Purdue University
Purdue University researchers have created a drug delivery method using silicon nanoneedles with diameters 100 times smaller than a mosquito’s needle. These nanoneedles are embedded in a stretchable and translucent elastomer patch that can be worn on the skin to deliver exact doses directly into cells.

New Silicon Drug Patches Help Delivery Drugs Via Nanoneedles

Dec. 18, 2018
Purdue University has developed a new non-invasive drug delivery system that uses a silicon nanoneedle patch.

Drug delivery has undergone several innovations in the past year as new materials and automated delivery systems are being created. New research from Purdue University has led to the development of a silicon nanoneedle patch. The nanoneedles are partially embedded in a thin, flexible, and transparent bio-patch that can be worn on the skin and deliver controlled doses of biomolecules. These patches can also expand medical observation opportunities.

According to Chi Hwan Lee, an assistant professor at Purdue’s Weldon School of Biomedical Engineering and School of Mechanical Engineering, the use of the nanoneedle patches means that “eight or nine silicon nanoneedles can be injected into a single cell without significantly damaging a cell. So, we can use these nanoneedles to deliver biomolecules into cells or even tissues with minimal invasiveness.” The patches can be placed between the skin, muscles, or tissues where the medicine needs to be delivered. The study on the new procedure was published this past November in Science Advances.

(A) A series of scanning electron microscopy (SEM) images of vertically ordered Si pillars with a selected passivation layer (left), with a localized undercut (middle), and after the size is reduced down to the nanoscale (right). Scale bar, 1 μm. (B) Schematic illustrations of the key steps to physically liberate Si NNs from their native Si wafer via the swelling of PDMS. (C) Optical image of a representative Si NN-patch. Scale bar, 1.5 cm. (D) Magnified SEM image of the partly embedded Si NNs into PDMS. The inset highlights the needle-like sharp tips. Scale bars, 20 μm and 600 nm (inset). (E) Confocal laser scanning microscopy (CLSM) image of Si NNs. Scale bar, 30 μm. (Credit: Purdue University)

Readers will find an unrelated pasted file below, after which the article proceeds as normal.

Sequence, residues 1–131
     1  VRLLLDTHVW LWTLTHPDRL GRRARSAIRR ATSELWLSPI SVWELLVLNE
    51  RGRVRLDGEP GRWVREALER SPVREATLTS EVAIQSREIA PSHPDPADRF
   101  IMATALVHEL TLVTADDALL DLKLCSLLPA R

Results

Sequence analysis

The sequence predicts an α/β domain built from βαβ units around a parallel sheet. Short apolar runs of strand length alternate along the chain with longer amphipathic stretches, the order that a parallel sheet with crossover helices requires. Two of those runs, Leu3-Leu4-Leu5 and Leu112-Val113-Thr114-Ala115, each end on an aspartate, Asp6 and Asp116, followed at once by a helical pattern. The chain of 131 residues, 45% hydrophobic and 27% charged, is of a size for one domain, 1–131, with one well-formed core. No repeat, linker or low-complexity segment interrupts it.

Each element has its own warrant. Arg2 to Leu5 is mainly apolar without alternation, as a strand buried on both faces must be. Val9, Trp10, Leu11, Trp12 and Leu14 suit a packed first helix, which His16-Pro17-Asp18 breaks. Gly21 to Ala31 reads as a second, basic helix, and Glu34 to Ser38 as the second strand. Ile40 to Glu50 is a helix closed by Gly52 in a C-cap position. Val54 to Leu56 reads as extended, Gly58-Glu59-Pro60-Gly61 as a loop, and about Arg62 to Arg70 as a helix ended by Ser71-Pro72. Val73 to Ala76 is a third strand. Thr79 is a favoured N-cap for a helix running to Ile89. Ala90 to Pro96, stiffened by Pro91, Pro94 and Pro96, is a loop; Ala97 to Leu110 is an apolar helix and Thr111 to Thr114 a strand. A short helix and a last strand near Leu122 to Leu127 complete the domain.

Currently, commercially available silicon nanoneedle patches are constructed on a rigid and opaque silicon wafer. These type of silicon patches are only meant as a temporary medicine delivery system and cannot be left in the body for extended periods, as prolonged use can cause discomfort. To tackle this problem, Lee and the research team developed a method that allows for the physical transfer of vertically ordered silicon nanoneedles from the original silicon wafer to a bio-patch. Since the nanoneedle patch is not only flexible but also transparent, it allows for simultaneous real-time observation of the interaction between cells and nanoneedles.

The research team’s goal is to develop the patch’s functionality to act as an external skin patch to deliver medicine that can lower pain or reduce the invasiveness and toxicity associated with long-term drug delivery. In the next iteration of the patch, Lee says the researchers plan to test its capabilities for monitoring cellular electrical activity and treating cancerous tissue. A potential treatment could be for the drug delivery for skin cancer patients.

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